The present study does not reject the possibility that exogenous estrogens, testosterone, DHEA, and growth hormones may be beneficial in protecting against cognitive decline. To our knowledge this is the first report showing a significant negative association of IGFBP-3, free testosterone and DHEA, with P300 prolonged latency (a predictor of memory impairment and cognitive decline) . In addition, it is also the first report of a significant negative association of endogenous levels of estrogen and the number of ADD complaints in a clinical setting. In support of these results two recent studies clearly demonstrate that GH deficiency and low IGF-1 levels are associated with prolonged P300 latency in both females and males [16, 17]. If these preliminary results could be confirmed, it may have important value in the diagnosis, prevention and treatment of early cognitive dysfunction.
This work was supported by the Path Medical Research Foundation, and LifeGen Inc. in Diego, California.
- Craig MC, Murphy DG: Estrogen: effects on normal brain function and neuropsychiatric disorders. Climacteric. 2007, 10 (Suppl 2): 97-104. 10.1080/13697130701598746.View ArticlePubMedGoogle Scholar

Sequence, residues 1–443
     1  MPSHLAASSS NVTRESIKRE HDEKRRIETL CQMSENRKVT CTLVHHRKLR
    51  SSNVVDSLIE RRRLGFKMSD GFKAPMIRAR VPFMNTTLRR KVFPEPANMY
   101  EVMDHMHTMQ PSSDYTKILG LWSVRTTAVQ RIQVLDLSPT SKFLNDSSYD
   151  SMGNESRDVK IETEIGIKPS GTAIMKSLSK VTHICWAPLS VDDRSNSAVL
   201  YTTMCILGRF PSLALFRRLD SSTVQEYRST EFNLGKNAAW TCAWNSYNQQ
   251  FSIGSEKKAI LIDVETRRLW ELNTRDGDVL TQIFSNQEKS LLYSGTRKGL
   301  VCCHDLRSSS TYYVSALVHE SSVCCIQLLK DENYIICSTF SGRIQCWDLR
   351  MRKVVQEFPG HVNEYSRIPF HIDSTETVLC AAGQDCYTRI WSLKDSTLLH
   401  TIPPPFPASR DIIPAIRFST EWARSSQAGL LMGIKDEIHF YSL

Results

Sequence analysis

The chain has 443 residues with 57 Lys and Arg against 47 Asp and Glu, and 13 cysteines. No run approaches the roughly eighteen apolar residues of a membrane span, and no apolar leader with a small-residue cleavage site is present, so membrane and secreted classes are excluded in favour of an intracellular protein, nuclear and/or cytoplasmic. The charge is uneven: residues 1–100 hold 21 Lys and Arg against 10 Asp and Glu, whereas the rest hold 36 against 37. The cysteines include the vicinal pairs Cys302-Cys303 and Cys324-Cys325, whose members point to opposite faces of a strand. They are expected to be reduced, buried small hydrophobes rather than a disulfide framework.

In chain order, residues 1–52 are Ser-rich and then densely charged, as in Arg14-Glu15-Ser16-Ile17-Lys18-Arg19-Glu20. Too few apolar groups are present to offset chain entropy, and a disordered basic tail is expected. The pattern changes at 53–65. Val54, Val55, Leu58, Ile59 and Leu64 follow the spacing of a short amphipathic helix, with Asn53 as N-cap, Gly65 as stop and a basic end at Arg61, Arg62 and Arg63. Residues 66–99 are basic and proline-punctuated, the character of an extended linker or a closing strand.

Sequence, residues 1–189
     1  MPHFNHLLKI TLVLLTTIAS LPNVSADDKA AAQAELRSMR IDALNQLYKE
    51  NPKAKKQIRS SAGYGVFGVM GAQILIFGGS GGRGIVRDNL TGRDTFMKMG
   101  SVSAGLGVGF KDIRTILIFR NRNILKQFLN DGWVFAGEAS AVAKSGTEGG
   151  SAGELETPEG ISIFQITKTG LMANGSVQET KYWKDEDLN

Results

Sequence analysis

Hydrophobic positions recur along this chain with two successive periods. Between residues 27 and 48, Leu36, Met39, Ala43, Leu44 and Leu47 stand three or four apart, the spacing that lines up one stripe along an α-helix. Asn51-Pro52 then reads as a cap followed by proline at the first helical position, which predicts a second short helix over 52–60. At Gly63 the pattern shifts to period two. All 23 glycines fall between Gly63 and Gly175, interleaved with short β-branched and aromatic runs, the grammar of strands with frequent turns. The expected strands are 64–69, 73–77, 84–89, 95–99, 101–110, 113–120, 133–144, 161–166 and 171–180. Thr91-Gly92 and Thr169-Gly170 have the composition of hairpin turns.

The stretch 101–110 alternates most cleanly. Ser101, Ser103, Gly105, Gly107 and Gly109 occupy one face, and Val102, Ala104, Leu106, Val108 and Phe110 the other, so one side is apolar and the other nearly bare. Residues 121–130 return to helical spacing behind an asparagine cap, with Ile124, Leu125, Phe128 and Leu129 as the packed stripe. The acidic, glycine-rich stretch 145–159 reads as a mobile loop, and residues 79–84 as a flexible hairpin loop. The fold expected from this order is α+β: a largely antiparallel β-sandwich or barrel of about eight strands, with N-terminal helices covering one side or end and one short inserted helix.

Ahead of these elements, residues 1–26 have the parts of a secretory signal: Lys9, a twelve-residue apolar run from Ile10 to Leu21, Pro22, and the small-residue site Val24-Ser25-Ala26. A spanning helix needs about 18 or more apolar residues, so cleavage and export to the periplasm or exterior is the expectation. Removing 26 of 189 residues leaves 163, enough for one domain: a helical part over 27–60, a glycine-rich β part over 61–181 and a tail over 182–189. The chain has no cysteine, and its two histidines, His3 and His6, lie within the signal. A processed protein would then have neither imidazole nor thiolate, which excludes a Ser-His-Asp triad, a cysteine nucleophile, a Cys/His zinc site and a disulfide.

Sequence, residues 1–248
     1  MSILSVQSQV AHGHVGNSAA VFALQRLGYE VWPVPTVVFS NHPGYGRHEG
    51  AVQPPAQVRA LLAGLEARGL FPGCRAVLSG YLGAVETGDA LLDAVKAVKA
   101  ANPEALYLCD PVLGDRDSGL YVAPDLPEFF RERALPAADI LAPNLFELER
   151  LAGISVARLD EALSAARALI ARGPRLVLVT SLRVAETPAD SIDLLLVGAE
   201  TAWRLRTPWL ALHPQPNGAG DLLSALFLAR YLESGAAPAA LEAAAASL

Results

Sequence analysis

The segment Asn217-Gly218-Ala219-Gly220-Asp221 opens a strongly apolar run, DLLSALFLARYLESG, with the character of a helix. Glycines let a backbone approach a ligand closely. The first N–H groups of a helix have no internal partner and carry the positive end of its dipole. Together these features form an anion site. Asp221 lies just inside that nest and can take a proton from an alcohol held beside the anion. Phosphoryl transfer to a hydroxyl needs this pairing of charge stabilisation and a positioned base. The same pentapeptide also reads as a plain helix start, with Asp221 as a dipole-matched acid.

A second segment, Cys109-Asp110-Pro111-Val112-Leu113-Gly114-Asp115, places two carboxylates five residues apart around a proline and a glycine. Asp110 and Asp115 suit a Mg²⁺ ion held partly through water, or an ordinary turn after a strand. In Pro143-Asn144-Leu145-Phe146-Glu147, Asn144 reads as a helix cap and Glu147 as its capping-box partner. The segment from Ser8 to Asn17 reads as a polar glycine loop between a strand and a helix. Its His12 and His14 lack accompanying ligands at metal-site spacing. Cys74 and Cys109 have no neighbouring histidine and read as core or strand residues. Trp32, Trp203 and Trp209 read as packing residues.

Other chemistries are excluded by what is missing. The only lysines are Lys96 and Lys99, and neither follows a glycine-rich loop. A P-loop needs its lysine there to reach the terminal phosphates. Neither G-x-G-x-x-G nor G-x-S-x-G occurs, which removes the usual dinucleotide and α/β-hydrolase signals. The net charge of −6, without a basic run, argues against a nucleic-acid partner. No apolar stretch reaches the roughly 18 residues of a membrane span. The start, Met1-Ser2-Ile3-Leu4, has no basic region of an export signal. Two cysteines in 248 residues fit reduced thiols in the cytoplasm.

- Almeida OP, Barclay L: Sex hormones and their impact on dementia and depression: a clinical perspective. Expert Opin Pharmacother. 2001, 4: 527-35. 10.1517/146565126.96.36.1997.View ArticleGoogle Scholar
- Craig MC, Murphy DG: Oestrogen, cognition and the maturing female brain. J Neuroendocrinol. 2007, 19 (1): 1-6. 10.1111/j.1365-2826.2006.01500.x.View ArticlePubMedGoogle Scholar
- Goldstat R, Briganti E, Tran J, Wolfe R, Davis SR: Transdermal testosterone therapy improves well-being, mood, and sexual function in premenopausal women. Menopause. 2003, 10 (5): 390-8. 10.1097/01.GME.0000060256.03945.20.View ArticlePubMedGoogle Scholar
- Alhaj HA, Massey AE, McAllister-Williams RH: Effects of DHEA administration on episodic memory, cortisol and mood in healthy young men: a double-blind, placebo-controlled study. Psychopharmacology (Berl). 2006, 188 (4): 541-51. 10.1007/s00213-005-0136-y.View ArticleGoogle Scholar